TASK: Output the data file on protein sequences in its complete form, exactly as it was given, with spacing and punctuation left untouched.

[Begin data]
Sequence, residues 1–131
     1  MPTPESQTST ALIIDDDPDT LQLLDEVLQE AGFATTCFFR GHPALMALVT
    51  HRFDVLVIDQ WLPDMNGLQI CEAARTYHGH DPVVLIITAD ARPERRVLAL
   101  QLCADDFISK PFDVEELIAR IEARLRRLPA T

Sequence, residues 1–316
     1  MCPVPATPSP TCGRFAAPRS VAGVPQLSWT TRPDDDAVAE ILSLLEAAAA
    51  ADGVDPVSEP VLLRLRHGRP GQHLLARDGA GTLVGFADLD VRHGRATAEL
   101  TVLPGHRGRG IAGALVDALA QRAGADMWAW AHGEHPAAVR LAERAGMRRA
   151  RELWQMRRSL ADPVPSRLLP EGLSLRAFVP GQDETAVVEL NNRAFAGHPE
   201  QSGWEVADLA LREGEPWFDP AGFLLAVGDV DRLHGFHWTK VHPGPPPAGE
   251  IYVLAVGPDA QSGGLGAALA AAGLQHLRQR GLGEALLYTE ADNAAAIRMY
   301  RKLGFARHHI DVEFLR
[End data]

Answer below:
Sequence, residues 1–131
     1  MPTPESQTST ALIIDDDPDT LQLLDEVLQE AGFATTCFFR GHPALMALVT
    51  HRFDVLVIDQ WLPDMNGLQI CEAARTYHGH DPVVLIITAD ARPERRVLAL
   101  QLCADDFISK PFDVEELIAR IEARLRRLPA T

Sequence, residues 1–316
     1  MCPVPATPSP TCGRFAAPRS VAGVPQLSWT TRPDDDAVAE ILSLLEAAAA
    51  ADGVDPVSEP VLLRLRHGRP GQHLLARDGA GTLVGFADLD VRHGRATAEL
   101  TVLPGHRGRG IAGALVDALA QRAGADMWAW AHGEHPAAVR LAERAGMRRA
   151  RELWQMRRSL ADPVPSRLLP EGLSLRAFVP GQDETAVVEL NNRAFAGHPE
   201  QSGWEVADLA LREGEPWFDP AGFLLAVGDV DRLHGFHWTK VHPGPPPAGE
   251  IYVLAVGPDA QSGGLGAALA AAGLQHLRQR GLGEALLYTE ADNAAAIRMY
   301  RKLGFARHHI DVEFLR